Montana, along with Iowa, ranked lowest of all 50 states when it comes to health emergency preparedness.
"We try to look at this as constructive feedback and try to benefit from the report," said Jim Murphy, Communicable Disease Control Bureau chief for the Montana Department of Public Health and Human Services.
The goal of the report is to help states determine their level of readiness for a disease outbreak, natural disaster or other unexpected event.
There are areas in which Murphy acknowledges the state needs improvement, and other areas where he said he is "comfortable."
Montana received five of 10 possible points in a state-by-state analysis. It is the second consecutive year that Montana has brought up the rear in the annual "Ready or Not? Protecting the Public from Diseases, Disasters, and Bio-terrorism" report. The report was released Tuesday by the Trust for America's Health and the Robert Wood Johnson Foundation.
There are "clearly areas of concern," said Jeffrey Levi, executive director of the Trust for America's Health, hastening to add that the scorecard should not be considered the "absolute level of preparedness." The report represents a single snapshot in time.
The trust is a Washington, D.C.-based health policy organization. Its website calls the group "a nonprofit, nonpartisan organization dedicated to saving lives by protecting the health of every community and working to make disease prevention a national priority."
"It is not a comprehensive analysis," Levi said.
The organization says it is important to conduct the report annually because the public deserves to know how prepared their states and communities are. Federal and state governments release only limited data about the status of emergency preparedness.
"We believe that all Americans have the right to expect fundamental health protections during public health emergencies, no matter where they live," Levi said.
James Blumenstock, chief program officer of Public Health Practice for the Association of State and Territorial Health Officials, said the Trust for America's Health chose to look at only 10 of what could easily have been 100 indicators. The public should not consider itself at any "increased risk" because of the low score, he said.
Wyoming scored eight out of 10 points. It scored six out of 10 last year.
Fourteen states scored nine or higher. Three states — Arkansas, North Dakota and Washington — scored perfect 10s. Another 25 states and Washington, D.C., scored in the range of seven to eight. No state scored lower than a five.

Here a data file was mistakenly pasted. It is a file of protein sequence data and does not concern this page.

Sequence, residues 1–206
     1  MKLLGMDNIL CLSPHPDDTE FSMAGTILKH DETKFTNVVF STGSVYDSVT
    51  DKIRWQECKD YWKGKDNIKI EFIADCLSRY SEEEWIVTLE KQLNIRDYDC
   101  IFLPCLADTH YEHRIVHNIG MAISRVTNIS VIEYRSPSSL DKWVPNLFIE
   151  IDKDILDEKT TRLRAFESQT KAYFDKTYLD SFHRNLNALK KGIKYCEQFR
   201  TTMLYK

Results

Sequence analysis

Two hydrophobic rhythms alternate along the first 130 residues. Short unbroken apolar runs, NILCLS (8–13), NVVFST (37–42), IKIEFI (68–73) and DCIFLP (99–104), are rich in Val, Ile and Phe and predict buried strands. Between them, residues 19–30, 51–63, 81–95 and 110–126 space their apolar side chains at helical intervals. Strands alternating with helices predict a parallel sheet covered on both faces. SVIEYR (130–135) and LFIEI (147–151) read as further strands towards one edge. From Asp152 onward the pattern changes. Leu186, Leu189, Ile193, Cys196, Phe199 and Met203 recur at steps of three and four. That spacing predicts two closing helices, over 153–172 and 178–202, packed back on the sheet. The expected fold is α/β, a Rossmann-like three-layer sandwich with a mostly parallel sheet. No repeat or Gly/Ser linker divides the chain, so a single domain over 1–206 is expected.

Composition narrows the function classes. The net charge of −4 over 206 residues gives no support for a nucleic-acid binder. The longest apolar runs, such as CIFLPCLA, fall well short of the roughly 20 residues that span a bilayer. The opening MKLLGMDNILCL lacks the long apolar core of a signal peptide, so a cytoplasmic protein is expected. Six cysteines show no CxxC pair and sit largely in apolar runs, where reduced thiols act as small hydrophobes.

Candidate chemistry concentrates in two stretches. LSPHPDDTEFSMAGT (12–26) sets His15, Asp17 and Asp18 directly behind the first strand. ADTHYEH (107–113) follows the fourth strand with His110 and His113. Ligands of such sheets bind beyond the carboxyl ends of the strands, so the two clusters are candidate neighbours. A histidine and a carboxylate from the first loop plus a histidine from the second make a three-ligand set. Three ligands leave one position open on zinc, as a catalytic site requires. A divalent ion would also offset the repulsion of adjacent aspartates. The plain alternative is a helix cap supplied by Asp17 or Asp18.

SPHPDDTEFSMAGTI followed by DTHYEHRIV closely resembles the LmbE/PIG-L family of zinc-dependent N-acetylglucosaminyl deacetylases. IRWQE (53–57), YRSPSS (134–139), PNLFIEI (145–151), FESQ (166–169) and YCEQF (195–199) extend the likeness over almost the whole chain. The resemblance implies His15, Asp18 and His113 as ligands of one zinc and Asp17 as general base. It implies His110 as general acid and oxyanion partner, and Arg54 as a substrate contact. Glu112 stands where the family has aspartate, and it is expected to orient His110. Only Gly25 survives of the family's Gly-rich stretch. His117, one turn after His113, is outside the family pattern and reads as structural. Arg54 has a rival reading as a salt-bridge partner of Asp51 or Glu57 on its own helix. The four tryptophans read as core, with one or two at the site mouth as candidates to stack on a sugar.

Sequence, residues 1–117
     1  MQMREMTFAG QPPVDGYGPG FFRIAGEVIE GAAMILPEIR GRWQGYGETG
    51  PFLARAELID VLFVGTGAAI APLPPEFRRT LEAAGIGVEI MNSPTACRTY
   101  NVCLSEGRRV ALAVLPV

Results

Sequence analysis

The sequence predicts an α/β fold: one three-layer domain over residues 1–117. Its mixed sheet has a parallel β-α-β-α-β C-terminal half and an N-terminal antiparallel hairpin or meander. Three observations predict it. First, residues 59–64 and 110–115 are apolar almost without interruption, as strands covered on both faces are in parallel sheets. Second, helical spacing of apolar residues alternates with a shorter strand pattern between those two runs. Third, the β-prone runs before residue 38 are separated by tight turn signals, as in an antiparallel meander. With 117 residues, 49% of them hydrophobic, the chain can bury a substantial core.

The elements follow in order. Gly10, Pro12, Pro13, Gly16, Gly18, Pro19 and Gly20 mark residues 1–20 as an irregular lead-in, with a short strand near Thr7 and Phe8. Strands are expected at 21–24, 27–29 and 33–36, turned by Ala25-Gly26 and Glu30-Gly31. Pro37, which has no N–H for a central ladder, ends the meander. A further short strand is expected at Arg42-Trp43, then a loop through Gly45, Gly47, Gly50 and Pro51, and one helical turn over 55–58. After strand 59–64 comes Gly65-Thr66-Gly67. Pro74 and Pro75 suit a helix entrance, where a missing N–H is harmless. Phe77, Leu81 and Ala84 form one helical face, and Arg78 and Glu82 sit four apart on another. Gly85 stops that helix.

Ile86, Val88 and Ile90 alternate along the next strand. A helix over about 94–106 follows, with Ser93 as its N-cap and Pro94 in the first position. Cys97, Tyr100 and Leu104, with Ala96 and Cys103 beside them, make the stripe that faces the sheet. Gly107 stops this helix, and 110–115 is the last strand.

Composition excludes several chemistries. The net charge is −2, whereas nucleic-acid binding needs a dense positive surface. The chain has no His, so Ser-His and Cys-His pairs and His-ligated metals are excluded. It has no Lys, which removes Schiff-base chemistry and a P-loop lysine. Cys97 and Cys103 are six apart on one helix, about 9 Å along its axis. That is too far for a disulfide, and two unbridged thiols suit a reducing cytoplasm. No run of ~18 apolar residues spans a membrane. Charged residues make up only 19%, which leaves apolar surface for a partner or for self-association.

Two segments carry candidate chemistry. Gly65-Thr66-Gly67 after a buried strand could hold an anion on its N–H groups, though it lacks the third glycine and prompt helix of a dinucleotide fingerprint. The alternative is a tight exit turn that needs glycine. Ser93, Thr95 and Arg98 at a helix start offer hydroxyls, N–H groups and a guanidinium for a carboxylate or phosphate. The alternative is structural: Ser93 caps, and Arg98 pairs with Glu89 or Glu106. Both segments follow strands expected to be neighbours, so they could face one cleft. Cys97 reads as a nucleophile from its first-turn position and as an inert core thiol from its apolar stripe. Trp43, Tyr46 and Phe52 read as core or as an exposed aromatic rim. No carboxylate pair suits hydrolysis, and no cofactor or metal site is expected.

Montana, according to the report, missed on these indicators: health information technology, electronic syndromic surveillance, community resilience, food-borne-disease detection and reporting and public health laboratories.
Montana's Murphy — and Anne Weber, director of Montana's Public Health Laboratory — said several of the deficiencies wouldn't hold up if the survey were done today. Murphy speculates that the state would rank closer to a seven or eight.
Since the survey was conducted, some improvements have been made, including:
— Two public health lab staffers have been added in the past 30 days.
— Disease detection and reporting equipment that was broken at the time of the survey has been fixed.
— The state used syndromic surveillance about five years ago but switched to another type after finding it wasn't giving the department the information it hoped.
— The state has started the Best Beginnings STARS to Quality Program, a continuous quality improvement program for early childhood education in Montana.
The report notes that nearly a decade of gains are in jeopardy as economic conditions have forced federal, state and local governments to trim public-heath budgets.
Montana increased its public-health budget, one of 17 states to do so.
Wyoming decreased its public-health budget from fiscal year 2008-09 to 2009-10 and was one of the states that decreased funding for two years or more in a row. The Center on Budget and Policy Priorities has found that states have experienced overall budgetary shortfalls of $425 billion since fiscal year 2009.
In addition to state cuts, federal support for public-health preparedness has been cut by 27 percent since fiscal year 2005 (adjusted for inflation). Local public-health departments report losing 23,000 jobs — totaling 15 percent of the local public-health work force — since January 2008.
The report suggests that the United States has a history of responding to the "health crisis of the moment" instead of ensuring stable, reliable emergency response funding and resources on an ongoing basis, said Robert Pestronk, executive director of the National Association of County and City Health Officials.
"And the problem is exacerbated in today's economic climate," Pestronk said.